Together with ROCK HARD magazine, Teufel Audio is proud to present the top 3 heavy metal albums for the month of June, 2017. The albums were selected by ROCK HARD experts and are presented exclusively here on the Teufel Audio blog.
1st place: “Berdreyminn“ by Solstafir
Release date: Already released by Season of Mist/Soulfood
Reviewed by Thomas Kupfer (ROCK HARD)
His Richter Scale Rating: 9
As guitarist and singer Aðalbjörn “Addi“ Tryggvason revealed in an interview in this issue, the Icelanders dig deep in this, their sixth studio album when it comes to lyrics, telling stories about natural disasters, domestic violence, narcissism, depression and alcoholism. It’s to be expected that a band that admits to a fascination for bleak settings would take on these themes, but they are not underscored by equally despondent sounding music. Sure, Tryggvason suffers when revealing his innermost self while interpreting the songs, but these pieces are not the sort to drive one to reflexively grab at a razor blade.
On the contrary, “Berdreyminn” represents a collection of the best melodies Solstafir has yet produced and continuously offers moments of hope in the midst of the prevailing melancholic atmosphere. In the context of this atmosphere, even the album title, which translates as “someone who dreams of coming events”, makes sense, because other than Pink Floyd, I can barely think of another band other than the quartet from Island that create a similarly dreamy and sometimes mystical mood with their soundscapes. This makes Solstafir musical crossover artists whose sound is inadequately described by terms like heathen metal, post- or art rock.
These free spirits have long broken free from convenient categories. With their previous album “Ótta“, at the very latest, the group finally found their own little niche in an overheated genre. “Berdreyminn“ continues with this development, combining metal influences with folk, strings or even piano tones and fluctuates between drama and epic. A fantastic, and, in the truest sense of the word, progressive album guaranteed to induce goose bumps.
Í Blódi og Anda (2002)
Masterpiece Of Bitterness (2005)
Svartir Sandar (2011)
Aðalbjörn „Addi“ Tryggvason (v./g.)
Sæþór Maríus Sæþórsson (g.)
Svavar Austman (b.)
Hallgrímur Jón Hallgrímsson (dr.)
2nd place: „ Hurricanes and Halos“ by Avatarium
Release date: Already released by Nuclear Blast/Warner
Reviewed by Boris Kaiser (ROCK HARD)
His Richter Scale Rating: 9
The Devil’s Blood groove from “The Starless Sleep“ is just as misleading as the Jon Bon Jovis Blaze-of-Glory-esque foundation to “Road to Jerusalem”. Avatarium, whose 2015 album “The Girl with the Raven Mask” did away with anything conventional, are neither as nihilistic and dark as the controversial Dutchmen/women, nor do their compositions come across as artfully simplistic and catchy. Instead, the Swedes and their once again only admiration-inspiring frontwoman Jennie Ann Smith, build an unshakeable tower out of classic rock and metal as well as prog and psychedelic elements on a Doom foundation mostly constructed in the background by lead composer Leif Edling (from, among other bands, Candlemass). It rises so devotedly to the heavens that even the clouds make way for it.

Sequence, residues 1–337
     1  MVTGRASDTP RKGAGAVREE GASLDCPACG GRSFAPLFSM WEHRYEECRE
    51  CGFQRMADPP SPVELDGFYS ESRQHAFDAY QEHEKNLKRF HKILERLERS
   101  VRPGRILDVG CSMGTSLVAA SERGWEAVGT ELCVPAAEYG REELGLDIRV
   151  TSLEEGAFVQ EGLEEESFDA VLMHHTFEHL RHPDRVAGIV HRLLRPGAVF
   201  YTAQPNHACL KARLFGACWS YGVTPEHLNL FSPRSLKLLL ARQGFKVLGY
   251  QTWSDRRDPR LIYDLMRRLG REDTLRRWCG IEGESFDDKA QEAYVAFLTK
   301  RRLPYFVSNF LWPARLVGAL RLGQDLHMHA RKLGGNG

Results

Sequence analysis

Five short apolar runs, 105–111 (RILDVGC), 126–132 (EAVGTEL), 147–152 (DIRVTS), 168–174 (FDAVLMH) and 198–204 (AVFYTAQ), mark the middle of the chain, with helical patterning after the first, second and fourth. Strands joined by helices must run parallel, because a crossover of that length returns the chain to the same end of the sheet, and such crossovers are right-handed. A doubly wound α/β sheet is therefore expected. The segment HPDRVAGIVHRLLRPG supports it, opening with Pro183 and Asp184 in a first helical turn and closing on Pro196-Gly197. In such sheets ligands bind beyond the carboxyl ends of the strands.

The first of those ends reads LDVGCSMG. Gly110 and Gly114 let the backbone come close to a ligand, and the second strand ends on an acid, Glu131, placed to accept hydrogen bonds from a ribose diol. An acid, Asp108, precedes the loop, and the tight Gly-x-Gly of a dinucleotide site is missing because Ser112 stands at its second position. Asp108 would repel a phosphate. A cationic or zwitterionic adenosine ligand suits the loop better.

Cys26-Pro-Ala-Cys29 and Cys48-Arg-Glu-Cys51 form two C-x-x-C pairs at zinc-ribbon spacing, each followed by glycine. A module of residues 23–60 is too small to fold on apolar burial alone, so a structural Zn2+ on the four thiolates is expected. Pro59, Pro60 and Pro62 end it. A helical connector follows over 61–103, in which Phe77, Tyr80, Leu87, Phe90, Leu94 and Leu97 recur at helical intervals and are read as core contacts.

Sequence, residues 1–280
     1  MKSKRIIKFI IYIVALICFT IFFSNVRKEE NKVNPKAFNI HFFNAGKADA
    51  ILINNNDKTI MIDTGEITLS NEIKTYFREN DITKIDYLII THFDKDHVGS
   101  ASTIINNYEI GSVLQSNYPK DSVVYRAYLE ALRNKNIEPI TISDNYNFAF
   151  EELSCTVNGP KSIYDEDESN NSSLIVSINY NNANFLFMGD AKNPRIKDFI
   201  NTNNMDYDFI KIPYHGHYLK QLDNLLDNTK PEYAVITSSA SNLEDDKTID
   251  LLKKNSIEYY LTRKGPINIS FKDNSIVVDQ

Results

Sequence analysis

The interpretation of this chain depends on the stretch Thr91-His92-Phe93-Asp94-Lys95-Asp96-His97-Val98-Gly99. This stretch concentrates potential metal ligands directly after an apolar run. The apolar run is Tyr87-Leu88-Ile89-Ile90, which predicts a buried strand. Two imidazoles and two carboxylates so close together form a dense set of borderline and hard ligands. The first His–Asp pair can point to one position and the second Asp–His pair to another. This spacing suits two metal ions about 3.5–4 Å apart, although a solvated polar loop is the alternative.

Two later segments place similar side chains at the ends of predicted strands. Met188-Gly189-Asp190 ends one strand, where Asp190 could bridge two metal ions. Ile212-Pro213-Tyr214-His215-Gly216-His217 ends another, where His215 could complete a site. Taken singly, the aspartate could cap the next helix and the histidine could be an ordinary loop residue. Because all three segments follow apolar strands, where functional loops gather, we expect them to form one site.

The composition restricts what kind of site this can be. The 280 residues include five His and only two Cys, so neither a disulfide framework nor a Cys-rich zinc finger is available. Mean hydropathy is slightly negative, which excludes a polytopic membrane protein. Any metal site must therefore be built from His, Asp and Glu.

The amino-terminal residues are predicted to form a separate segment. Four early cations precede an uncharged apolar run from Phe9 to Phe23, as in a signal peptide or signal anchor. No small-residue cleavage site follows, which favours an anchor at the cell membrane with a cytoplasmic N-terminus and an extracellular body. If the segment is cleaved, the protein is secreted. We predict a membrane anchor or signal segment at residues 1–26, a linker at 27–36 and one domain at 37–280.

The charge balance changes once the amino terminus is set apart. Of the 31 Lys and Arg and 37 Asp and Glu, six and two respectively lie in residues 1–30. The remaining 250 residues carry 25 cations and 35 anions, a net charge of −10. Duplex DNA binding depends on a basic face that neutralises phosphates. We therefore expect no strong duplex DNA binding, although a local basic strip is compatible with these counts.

Unlike the previous two singles and openers “All I Want“ and “The Girl with the Raven Mask“, I find “Into The Fire/Into the Storm“ which are among Smith’s favourite tracks, to be a bit unremarkable. This time, the flawless Uriah Heep homage “The Sky at the Bottom of the Sea” and the Sabbath ’76 riff “A Kiss (From the End of the World)” were composed much closer to the edge. Above all, the 9-minute long, bombastically diverse “Medusa Child”, whose amazing childlike voice does not seem at all “diabolically” contrived but rather sounds like something from Savatage, as well as the extremely reduced downtempo ballade “When Breath Turns to Air”, a song that sounds as if Universe217 were covering an old Procol Harum cover together with Norah Jones. You guys still got it, Avatarium!
3rd place: “Anathema“ by The Optimist
Release date: Already released by Kscope/Edel
Reviewed by Wolfgang Lui Kuhn (ROCK HARD)
His Richter Scale Rating: 9.5
Fact: There’s never been a bad or even mediocre Anathema album. However, the Brits have had moments in which they’ve come dangerously close to the elevator music genre and their last album “Distant Satellites” had a few to many of these. Three years later, “The Optimist” starts right off with a small shock moment as the looping experience “Leaving It Behind” cannot exactly be counted among the high points in the band’s oeuvre, to put it mildly. But then “Endless Ways” follows: A completely enrapturing, magical masterpiece such as only members of the Cavanagh family know how to pull off.
It continues in this vein: One dreamy, beautiful artrock gem after another whereby the songs song by Lee Douglas really come to the fore with their poetic emotionality. A small note for the oldschool fraction: The doom metal band hasn’t become any heavier, thank God (the heaviest albums of all time are undoubtedly put out every two years by Paradise Lost); however, the intensity and the narrative of this album is absorbing and coherent in a way that we haven’t experienced for years. Honestly, without this crappy loop track at the beginning, it would have earned the highest score.
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About ROCK HARD’s Richter Scale
The Richter Scale is a monthly selection of 3 top newly released heavy metal albums selection by a team of eleven ROCK HARD experts. Each album is awarded a score from 1 (meh) to 10 (awesome). The three albums with the most points make to the list.
All other pictures: Published in cooperation with ROCK HARD